Claim ownership and full control of your life. No one else is responsible for you. You are in full control of your life so long as you claim it and own it. You may have learned that you should blame your parents, your teachers, your mentors, the education system, the government, etc., but never to blame yourself. Right? It’s never, ever your fault… WRONG!
Focus inward. It’s important to make a difference in the world. Yes, it’s important to help people, but you have to start with yourself. If you’re looking outside yourself to find where you fit in or how you can create an impact, stop and look inside yourself instead.
Change the people around you. – Some people come into your life just to strengthen you, so you can move on without them. They are supposed to be part of your memory, not your destiny. The bottom line is that when you have to start compromising your happiness and your potential for the people around you, it’s time to change the people around you.
Take a chance. When life sets you up with a challenge, there’s a reason for it; it’s meant to test your courage and willingness to make a change and take a chance on something new.
Focus on today. You can decide right now that negative experiences from your past will not predict your future. Figure out what the next positive step is, no matter how small or difficult, and take it. Ultimately, the only thing you can ever really do is to keep moving forward.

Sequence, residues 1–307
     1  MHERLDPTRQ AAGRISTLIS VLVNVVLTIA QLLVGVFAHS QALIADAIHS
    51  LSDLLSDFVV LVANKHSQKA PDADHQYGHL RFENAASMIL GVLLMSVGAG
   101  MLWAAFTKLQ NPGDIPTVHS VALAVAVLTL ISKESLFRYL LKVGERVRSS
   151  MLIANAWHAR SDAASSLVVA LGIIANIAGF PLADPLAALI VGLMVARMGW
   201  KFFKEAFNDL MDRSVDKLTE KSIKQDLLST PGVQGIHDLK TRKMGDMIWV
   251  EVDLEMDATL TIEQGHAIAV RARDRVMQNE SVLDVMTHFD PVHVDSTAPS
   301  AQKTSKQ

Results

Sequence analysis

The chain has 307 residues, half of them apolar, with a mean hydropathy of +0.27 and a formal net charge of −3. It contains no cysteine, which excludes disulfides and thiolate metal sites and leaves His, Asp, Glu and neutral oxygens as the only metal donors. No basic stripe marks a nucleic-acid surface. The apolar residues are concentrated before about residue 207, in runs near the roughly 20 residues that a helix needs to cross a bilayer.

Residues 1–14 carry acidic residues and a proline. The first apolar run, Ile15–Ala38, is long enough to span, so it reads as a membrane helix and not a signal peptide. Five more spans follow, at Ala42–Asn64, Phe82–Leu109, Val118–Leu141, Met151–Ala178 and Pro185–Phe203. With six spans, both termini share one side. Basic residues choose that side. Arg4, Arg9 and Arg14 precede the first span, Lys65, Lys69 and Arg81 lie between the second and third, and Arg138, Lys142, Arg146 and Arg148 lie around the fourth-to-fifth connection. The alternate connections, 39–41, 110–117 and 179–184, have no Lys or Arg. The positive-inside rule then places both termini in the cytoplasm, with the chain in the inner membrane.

Learning to Let Go of Past Hurts: 5 Ways to Move On. John M. Grohol, Psy.D.
We’ve all been hurt. You can’t be an adult, or teen, alive today who hasn’t experienced some kind of emotional pain. It hurts. I get that. But what you do with that hurt is probably more important than the hurt itself. Would you prefer to get back to being an active liver of life? Or do you prefer to ruminate endlessly about the past and something that cannot be changed? In short, how do you let go of past hurts and move on? Let’s find out…
Blaming others for our hurt is what most of us start off doing. Somebody did something wrong, or they wronged us in some way that mattered to us. We want them to apologize. We want them to acknowledge what they did was wrong. But blaming someone else for our hurt can backfire. All your feelings are legitimate. It’s important to feel them fully, and then move on. Nursing your grievances indefinitely is a bad habit, because it hurts you more than it hurts them. People who hold on to these past hurts often relive the pain over and over in their minds. Sometimes a person can even get “stuck” in this pain, in this hurt, in this blame.